Here is the Dynamometer card taken from the same session. This next figure below demonstrates what the “down-hole” pump is doing: The results show a full card, running at 6.04 SPM (strokes per minute), with a pump displacement of 156 b/d, and getting 99 % pump fillage.
Next, is an additional test taken on the same well four months later. The fluid level is 829’ from surface that turned out to be 420’ above the pump intake.
The reason for the increase of the fluid level is because of a restriction in the pump.
The card below demonstrates how the pump is not working. The standing valve closes and the pump runs and the traveling valve does not open until it hits some fluid and causing it to close. You are only getting about 8 % of pump fillage, so in turn your pump displacement goes down to 15 b/d of fluid, running at 6.9 SPM.
The next test taken on the same well occurred on 8/16/2007; the technician on the well advised that production had fallen and he had thought there maybe a hole in the tubing. The fluid level was at 999’ from the surface 250’ above the pump intake.
Now the card shows that there is trouble with the well. We have good pump displacement 159 b/d, running at 6.1 SPM, and 99 % pump fillage, but there is not much net lift and our peak pump load is only about 753 lbs, in other test it had been running at 1,102 lbs.
Notice your net lift is not as much as it had been in the past, so it shows as a hole in the tubing. The rig pulling unit was called in to repair the tubing and discovery showed a hole in joint # 37 out of 38 joints, so the pump was working but it was only lifting the fluid slightly above the hole and it would pour back into the casing annulus.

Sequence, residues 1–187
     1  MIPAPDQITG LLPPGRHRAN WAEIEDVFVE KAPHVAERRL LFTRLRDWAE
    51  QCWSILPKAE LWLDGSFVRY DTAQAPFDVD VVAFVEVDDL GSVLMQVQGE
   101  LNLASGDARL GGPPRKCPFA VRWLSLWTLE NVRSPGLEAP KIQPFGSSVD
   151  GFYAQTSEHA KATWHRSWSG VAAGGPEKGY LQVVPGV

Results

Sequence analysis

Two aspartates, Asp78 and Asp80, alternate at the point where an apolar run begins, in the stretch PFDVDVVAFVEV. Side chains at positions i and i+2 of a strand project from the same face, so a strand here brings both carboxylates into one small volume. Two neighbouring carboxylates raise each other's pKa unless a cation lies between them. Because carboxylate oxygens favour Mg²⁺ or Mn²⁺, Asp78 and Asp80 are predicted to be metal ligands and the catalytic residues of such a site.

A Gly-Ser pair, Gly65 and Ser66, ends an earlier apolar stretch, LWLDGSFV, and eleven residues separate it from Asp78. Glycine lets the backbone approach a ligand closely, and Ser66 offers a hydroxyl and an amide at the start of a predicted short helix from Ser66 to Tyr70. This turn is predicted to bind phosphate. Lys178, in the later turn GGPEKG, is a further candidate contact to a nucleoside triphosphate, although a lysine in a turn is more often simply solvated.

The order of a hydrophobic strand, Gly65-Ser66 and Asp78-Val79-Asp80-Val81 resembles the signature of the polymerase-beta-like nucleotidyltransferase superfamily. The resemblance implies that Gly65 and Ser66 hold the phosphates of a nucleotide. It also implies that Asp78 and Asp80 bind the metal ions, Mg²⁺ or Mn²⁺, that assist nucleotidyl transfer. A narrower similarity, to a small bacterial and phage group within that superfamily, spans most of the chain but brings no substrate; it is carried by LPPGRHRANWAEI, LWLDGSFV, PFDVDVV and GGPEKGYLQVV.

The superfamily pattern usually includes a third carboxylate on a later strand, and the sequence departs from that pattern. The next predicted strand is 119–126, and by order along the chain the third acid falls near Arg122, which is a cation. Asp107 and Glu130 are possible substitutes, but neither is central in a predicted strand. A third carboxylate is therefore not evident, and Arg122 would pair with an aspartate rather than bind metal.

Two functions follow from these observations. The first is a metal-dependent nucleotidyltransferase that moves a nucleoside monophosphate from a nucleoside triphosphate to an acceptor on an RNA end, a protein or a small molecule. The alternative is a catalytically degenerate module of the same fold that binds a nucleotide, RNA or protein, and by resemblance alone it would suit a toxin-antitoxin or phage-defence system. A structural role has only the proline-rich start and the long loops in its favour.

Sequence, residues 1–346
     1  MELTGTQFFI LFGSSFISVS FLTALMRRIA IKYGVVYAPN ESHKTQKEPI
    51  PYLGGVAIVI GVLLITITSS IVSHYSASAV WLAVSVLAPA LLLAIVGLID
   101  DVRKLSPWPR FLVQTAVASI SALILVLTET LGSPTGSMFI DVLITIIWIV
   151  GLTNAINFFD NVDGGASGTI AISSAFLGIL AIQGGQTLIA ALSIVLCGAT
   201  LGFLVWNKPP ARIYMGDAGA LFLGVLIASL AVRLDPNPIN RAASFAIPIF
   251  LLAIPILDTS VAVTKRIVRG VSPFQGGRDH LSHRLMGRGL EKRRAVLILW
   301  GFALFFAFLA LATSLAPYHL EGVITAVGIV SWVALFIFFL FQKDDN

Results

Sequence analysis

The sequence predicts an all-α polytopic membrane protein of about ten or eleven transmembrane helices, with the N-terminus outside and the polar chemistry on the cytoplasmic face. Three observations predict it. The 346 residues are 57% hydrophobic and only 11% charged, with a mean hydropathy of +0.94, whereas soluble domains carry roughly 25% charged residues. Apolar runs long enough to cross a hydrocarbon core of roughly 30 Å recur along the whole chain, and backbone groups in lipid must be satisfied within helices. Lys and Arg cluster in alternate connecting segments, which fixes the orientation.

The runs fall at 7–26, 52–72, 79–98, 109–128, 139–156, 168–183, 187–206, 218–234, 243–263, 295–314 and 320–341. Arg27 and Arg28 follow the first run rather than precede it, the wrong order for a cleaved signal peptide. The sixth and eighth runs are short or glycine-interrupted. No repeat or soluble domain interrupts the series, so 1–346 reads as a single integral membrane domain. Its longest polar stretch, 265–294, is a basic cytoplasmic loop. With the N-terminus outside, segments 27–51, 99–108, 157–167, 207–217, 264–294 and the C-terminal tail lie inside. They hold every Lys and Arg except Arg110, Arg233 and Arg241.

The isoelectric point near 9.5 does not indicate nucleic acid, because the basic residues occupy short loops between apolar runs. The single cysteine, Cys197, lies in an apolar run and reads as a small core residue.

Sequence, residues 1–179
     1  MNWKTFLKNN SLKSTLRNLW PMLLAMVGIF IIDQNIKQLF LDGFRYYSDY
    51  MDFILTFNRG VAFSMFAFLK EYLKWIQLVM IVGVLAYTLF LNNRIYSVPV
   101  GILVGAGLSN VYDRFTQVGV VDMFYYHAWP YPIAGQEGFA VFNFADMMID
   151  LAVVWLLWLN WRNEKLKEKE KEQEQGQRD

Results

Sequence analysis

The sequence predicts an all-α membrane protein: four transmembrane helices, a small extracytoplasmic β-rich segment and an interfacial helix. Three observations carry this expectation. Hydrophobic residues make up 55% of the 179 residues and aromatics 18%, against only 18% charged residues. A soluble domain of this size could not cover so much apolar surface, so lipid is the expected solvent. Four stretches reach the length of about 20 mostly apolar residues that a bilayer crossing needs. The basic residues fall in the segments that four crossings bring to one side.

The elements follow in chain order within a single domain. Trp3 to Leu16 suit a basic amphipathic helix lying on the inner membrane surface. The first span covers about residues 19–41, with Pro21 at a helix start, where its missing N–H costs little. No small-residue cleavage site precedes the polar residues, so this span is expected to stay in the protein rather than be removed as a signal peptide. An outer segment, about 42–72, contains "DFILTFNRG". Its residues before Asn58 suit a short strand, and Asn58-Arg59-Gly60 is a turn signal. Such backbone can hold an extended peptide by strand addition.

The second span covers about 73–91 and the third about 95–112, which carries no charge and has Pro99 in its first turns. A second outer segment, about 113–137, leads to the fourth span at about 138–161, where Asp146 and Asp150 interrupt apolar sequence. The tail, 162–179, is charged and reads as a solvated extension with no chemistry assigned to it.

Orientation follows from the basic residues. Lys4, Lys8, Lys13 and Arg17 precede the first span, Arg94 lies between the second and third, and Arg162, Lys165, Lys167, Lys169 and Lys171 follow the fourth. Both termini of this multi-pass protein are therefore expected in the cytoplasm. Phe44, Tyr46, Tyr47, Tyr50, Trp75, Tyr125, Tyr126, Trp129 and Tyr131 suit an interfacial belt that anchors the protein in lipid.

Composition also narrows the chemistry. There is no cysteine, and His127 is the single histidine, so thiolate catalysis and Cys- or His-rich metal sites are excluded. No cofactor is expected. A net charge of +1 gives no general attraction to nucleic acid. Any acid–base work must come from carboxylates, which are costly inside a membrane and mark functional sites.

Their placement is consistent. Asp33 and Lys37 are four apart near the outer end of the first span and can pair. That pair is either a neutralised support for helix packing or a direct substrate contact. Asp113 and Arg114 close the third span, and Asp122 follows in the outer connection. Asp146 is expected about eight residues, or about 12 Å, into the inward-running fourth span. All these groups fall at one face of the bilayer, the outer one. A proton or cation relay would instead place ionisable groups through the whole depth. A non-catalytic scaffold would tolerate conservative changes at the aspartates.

Here is the data from the Cutie Patutie # 90 S, as of August 21, 2007. The well is making 150 mcf/d and 172 b/d of fluid at the time of the shot, the gas had been climbing since the rig got off the well (it had a hole in the tubing). This is a methane gas extraction rate of 54750 mmscfd per year from the reservoir, and a produced water extraction rate 62780 barrels per year from the reservoir.
The fluid level was at 989’ from the surface, 250’ above the pump intake, I used collars to locate the fluid level.
The figure above is a sound wave as is passes through the collars in the tubing of the well. Each echo is the reverberation or echo as the sound wave went by the collars and repeated back to the computer. This wave was traveling at 1,315 ft/sec, this is what we call the acoustic velocity of C02 in methane, in different gasses the speed of sound varies, in most of our coal seam well it ranges from 1,350 ft/sec to 1,450’ ft/sec, and we average the length of each joint and how many collars and determine the fluid level.
The graph below lacks some data it has not been updated and is about 6 to 7 months behind. The well was acquired on 3-16-06. Although missing some current data extraction rates of natural methane gas and produced water show a steady increase. The conclusion shows a distinct amount of gas and fluid being extracted from the reservoir ahead of mining operations. At the current rate of extractions the San Juan Coal mine can expect significant amounts of the gas and water to have been extracted by the time mining operations meet up with the well. It is expected that over 70% of the gas and produced water to have been extracted from the reservoir at current production rates.
Casing Annulus is a term used to describe the bottom hole pipe casing.
Pump fillage is a term used to describe how full the pump gets with produced water when pumping. The greater the pump fillage – the more productive the well.